Banksia integrifolia subsp. compar facts for kids
Quick facts for kidsBanksia integrifolia subsp. compar
B. i. subsp. compar
|Banksia integrifolia subsp. compar
B. integrifolia subsp. compar is similar to B. integrifolia subsp. integrifolia, but has larger, glossier leaves with undulate margins.
The type specimen for Banksia integrifolia subsp. compar was collected just south of Keppel Bay, Queensland, Australia by Robert Brown in August 1802. Brown published the specimen as a new species in his 1810 On the Proteaceae of Jussieu, but acknowledged its similarity to B. integrifolia in his choice of name: Banksia compar R.Br, from the Latin compar, meaning "similar".
In 1870, George Bentham declared it a synonym of B. integrifolia., but this arrangement lasted only until 1913, when Frederick Bailey declared the taxon to be a distinct variety of B. integrifolia in his Comprehensive Catalogue of Queensland Plants. In 1994, it was promoted to subspecies rank by Kevin Thiele; its full name is therefore "Banksia integrifolia subsp. compar (R.Br.) K.R.Thiele".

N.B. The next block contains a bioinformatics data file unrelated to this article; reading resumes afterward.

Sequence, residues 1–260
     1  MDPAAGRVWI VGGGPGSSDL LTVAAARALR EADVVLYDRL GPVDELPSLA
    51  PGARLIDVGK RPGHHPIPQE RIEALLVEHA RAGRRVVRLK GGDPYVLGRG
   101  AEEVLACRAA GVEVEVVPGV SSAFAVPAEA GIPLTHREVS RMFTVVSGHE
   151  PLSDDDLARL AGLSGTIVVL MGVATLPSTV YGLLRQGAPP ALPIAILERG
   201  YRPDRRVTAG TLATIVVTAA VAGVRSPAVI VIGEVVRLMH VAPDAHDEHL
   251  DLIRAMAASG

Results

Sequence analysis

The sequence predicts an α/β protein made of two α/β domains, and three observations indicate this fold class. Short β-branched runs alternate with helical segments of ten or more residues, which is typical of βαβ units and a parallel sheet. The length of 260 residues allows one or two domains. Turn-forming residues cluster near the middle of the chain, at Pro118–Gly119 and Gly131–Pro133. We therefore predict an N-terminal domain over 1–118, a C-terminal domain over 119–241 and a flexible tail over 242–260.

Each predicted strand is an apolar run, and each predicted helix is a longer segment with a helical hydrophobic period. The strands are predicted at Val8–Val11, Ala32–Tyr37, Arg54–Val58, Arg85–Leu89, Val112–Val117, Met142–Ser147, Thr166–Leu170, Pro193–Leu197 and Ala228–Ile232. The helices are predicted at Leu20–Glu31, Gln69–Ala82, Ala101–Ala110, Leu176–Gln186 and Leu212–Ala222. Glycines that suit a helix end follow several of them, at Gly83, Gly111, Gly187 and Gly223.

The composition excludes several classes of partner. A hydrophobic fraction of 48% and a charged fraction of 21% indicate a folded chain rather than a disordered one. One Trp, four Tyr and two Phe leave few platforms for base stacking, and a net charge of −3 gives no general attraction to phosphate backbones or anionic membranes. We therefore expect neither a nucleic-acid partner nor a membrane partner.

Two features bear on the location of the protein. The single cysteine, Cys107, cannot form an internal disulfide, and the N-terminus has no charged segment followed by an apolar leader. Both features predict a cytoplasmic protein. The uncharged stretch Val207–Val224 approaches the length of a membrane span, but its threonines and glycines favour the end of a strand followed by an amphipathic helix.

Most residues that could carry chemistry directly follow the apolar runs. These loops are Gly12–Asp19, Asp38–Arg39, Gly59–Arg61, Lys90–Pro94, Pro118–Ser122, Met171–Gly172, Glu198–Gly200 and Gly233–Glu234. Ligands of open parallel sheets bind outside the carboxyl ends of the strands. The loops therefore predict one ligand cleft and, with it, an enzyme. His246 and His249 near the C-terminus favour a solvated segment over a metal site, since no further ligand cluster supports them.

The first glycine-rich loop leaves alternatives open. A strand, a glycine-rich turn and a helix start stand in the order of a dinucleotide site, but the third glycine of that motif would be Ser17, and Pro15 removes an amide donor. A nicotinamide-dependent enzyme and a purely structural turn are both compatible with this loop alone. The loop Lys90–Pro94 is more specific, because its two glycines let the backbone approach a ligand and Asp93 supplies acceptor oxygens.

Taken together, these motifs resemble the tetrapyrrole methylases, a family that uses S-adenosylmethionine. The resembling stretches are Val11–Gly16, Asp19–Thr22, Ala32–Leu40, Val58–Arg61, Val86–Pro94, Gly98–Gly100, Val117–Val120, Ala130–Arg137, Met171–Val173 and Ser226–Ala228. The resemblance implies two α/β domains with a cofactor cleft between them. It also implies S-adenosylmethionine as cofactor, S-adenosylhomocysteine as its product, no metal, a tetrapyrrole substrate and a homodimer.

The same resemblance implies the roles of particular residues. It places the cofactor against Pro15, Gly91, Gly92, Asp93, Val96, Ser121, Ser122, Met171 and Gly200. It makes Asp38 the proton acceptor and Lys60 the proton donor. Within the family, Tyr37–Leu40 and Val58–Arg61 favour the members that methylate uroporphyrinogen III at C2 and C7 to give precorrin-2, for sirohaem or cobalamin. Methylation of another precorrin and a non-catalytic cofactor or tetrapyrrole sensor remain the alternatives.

For many years a montane form of the subspecies was recognised, with differences in leaf shape and fruiting structure, but it was not known whether these were real morphological variations, or simply adaptations to the colder weather at high altitudes. In 1994, at the same time that the taxon was promoted from variety to subspecies rank, the montane form was declared a separate subspecies, Banksia integrifolia subsp. monticola.
Distribution and habitat
Banksia integrifolia subsp. compar is generally found on infertile, sandy soils within 50 kilometres (30 mi) of the coast. Endemic to Australia, it occurs along the east coast of Queensland from Brisbane in the south, north to Proserpine. The Banksia Atlas also recorded "a possible outlier near Bishops Peak, Cardwell" which, if correct, would extend the subspecies' range by about 400 kilometres (250 mi).
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